Pima County sues Tucson over differential water rates
TUCSON, Ariz. (KOLD News 13) - Pima County filed a lawsuit against the city of Tucson on Friday, Dec. 17, citing the city’s “unconstitutional” water rates imposed on Tucson Water customers in unincorporated areas of the county.
The lawsuit, filed in the Pima County Superior Court, argues that the city’s rates are discriminatory on the basis of race and violate a state law that requires municipal rates for utilities are “just and reasonable.” Officials say the new rates also violate the 1979 city-county Sewer Merger Intergovernmental Agreement, which includes the city’s vow to “to minimize costs to water rate payers in the city and county.”
The lawsuit comes after the city of Tucson’s move to increase water rates for unincorporated customers by 10% to 40%. The new rates went into effect on Dec. 1.
“Pima County and the Board of Supervisors didn’t want this,” Board Chair Sharon Bronson was quoted as saying in a news release. “We spent a year asking and even pleading with the city not to do what should be clear to everyone is unfair, unreasonable, and unconstitutional.”
The suit also notes that Tucson officials exempted some customers who use Tucson Water but aren’t within city limits, including those who live in the Tucson Unified School District, the Indian Nations and residents in Oro Valley and Marana.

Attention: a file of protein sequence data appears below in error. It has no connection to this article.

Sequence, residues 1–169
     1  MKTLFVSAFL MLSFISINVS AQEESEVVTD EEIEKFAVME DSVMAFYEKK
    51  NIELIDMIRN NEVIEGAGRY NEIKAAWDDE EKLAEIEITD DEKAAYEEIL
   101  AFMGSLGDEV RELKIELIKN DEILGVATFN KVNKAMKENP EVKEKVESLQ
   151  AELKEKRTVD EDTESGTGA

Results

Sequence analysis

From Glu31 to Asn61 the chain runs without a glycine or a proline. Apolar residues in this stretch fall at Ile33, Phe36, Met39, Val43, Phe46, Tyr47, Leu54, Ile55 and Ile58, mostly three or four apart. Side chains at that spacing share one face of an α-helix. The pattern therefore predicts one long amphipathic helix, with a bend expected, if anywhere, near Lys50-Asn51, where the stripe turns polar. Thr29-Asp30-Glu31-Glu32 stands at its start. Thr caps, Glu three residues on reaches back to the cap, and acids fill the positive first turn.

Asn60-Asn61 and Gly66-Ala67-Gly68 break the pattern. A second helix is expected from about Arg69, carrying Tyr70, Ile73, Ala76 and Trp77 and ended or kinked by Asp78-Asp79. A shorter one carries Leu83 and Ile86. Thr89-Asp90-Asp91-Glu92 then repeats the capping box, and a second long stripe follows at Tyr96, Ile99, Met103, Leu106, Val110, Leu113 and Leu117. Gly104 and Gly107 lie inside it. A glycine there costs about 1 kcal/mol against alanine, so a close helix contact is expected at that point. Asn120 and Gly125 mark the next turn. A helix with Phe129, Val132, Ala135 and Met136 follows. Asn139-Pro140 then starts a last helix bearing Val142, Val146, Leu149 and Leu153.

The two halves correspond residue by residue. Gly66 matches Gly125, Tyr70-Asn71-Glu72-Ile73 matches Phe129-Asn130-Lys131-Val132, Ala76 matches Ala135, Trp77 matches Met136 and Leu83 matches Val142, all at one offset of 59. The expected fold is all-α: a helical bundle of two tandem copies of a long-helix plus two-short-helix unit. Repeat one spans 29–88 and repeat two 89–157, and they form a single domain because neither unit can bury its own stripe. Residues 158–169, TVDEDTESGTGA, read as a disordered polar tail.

The suit cites residents of Tierra Valencia, south of Casino del Sol, who will pay about $65 per month for water while residents of the nearby Pascua Yaqui Nation would pay about $50. Though the city says it costs more to deliver to customers out of the city, they county asserts, customers using the same main water pipe are charged differently.
County supervisors say the lawsuit points to the reason the city is adjusting these rates: annexation.
“When stripped of its post-hoc, pretextual, justifications, the City’s real reason for implementing differential rates becomes clear: It is using its control over the region’s water—a vital resource—to force Tucson Water customers living in unincorporated areas to vote in favor of annexation,” the lawsuit reads.
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